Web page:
Monday, June 2, 2008

Fighting Conventional Wisdom

Conventional wisdom says the fight for the Democratic nomination for President is over. Barack Obama is under 40 delegate votes away from the "magic" number of 2,118, and with him guaranteed to gain at least 15 tomorrow (and likely closer to 17), 34 House members set to endorse him by Wednesday, and at least 15 Senators ready to endorse as well, the nomination battle is over. We have our winner, and our winner be Obama.

So, as conventional wisdom goes, Senator Clinton is wrapping up her campaign. Inviting donors to her speech in, where else, her home state of New York (while Obama's speech tomorrow is in the general election battleground and home of the Republican Convention, St. Paul, Minnesota). Telling her staff to go home, but to get their receipts in before they leave. After all, Senator Clinton is a "realist" they say, and she's always pledged to leave the race as soon as that magic number is reached and the Democrats have a nominee.

So why do I feel so nervous about tomorrow? And it's not nervousness about whether Senator Obama will have enough Super Delegates endorse him during the day so he can claim the nomination after the polls close in Montana tomorrow. It's worry over what Hillary will do, because despite the conventional wisdom, I don't think she's going anywhere.

Even after the national networks declare Obama the victor, and even after the flood of Super Delegates which will surely come by Wednesday afternoon, I can see Senator Clinton fighting. Saying that she won the popular vote (even though to do so she has to count Puerto Rico, but not count the Virgin Island, Guam, and American Samoa, and count Michigan, but not give Obama any votes from Michigan, and not count a group of caucus states which went overwhelmingly for Barack Obama, like Iowa, Maine, Nebraska, and Washington. As I've been saying, if you have to explain HOW you are leading in the popular vote, that's probably a pretty good hint you aren't leading in the popular vote). She'll say Super Delegates can always change their mind, and that she needs to fight for the people of Michigan (who, by the way, are just fine thank you with the compromise the state itself asked for, and received, on Saturday). And at that point, there is no end point. Why would she ever get out before the convention? If the argument is, and Hillary herself made it yesterday, Super Delegates are always free to change their mind, then she has no reason to get out before the Convention, even if she falls behind by an overwhelming margin.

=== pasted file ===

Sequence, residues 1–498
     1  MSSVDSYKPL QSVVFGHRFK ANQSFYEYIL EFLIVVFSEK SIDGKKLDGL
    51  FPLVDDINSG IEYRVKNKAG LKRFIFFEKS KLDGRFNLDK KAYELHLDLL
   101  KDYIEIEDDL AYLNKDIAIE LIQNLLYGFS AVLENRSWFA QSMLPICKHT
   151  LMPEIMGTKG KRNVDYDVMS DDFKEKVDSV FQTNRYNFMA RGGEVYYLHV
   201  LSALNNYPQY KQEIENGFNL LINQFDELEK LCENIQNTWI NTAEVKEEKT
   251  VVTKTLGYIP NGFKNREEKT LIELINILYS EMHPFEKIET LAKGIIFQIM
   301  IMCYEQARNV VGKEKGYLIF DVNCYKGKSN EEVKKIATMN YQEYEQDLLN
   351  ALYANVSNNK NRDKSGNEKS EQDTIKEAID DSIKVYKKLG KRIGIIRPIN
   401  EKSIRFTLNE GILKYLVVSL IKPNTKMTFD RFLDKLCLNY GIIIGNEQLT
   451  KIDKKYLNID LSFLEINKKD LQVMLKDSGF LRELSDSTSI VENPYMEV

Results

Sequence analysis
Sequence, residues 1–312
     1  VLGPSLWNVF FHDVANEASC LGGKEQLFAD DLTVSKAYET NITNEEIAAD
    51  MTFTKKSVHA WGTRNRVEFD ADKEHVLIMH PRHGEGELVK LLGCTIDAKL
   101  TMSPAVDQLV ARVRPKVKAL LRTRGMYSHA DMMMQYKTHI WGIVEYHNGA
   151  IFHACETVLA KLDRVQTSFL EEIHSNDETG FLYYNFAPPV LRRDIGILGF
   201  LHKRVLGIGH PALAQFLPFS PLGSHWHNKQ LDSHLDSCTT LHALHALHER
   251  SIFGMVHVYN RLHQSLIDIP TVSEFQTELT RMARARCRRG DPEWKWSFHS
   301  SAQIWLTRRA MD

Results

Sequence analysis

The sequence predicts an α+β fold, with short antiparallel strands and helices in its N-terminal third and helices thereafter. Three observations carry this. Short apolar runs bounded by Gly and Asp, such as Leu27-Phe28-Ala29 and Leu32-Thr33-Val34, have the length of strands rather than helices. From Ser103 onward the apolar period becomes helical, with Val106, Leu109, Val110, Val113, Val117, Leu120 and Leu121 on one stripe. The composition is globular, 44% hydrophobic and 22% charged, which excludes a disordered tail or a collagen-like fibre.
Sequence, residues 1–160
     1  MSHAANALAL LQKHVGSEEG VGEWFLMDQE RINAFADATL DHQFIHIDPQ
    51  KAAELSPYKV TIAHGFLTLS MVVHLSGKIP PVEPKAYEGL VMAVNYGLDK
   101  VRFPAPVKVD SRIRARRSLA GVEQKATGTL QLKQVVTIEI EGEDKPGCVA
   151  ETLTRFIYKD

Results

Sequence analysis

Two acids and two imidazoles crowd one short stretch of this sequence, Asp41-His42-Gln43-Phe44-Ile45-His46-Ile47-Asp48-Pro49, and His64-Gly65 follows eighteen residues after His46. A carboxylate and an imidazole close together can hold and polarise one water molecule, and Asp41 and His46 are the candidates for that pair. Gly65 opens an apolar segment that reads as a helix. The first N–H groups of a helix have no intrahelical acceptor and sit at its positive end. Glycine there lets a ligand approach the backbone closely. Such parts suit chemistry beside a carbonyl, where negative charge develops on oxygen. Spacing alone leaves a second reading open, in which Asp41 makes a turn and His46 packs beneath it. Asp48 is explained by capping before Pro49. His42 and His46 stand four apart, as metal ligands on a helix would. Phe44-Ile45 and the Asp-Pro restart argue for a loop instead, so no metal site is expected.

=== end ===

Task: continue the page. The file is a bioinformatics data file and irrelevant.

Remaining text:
So where does that leave us? The Democratic Leadership (Reid, Pelosi, Dean, Gore) will likely give Clinton a few days to decide, but if she keeps fighting, I'd look for those four to start campaigning with Obama. But, until Hillary Clinton drops out, endorses Obama, and starts campaigning herself for Obama, the Democratic party will never come together. She has to not just endorse Obama and campaign for him, she has to do so soon because her supporters are very angry right now, and if she waits until the Convention, claims a fictional popular vote lead all summer, and loses (as she undoubtedly would) at the Convention in late August, her supporters won't have enough grieving time (for lack of a better word) to come around to unite the party. Instead, they will be even more resolute then they are today, and the Democrats are finished in November.

I hope for the sake of the Democratic Party, and for our country (which would be much better served by a President Obama than a President McCain, despite the latter's status as a genuine American hero) that I am wrong and conventional wisdom is right. But if we have learned anything over this long, long primary campaign, it's that conventional wisdom is rarely, if ever, correct.

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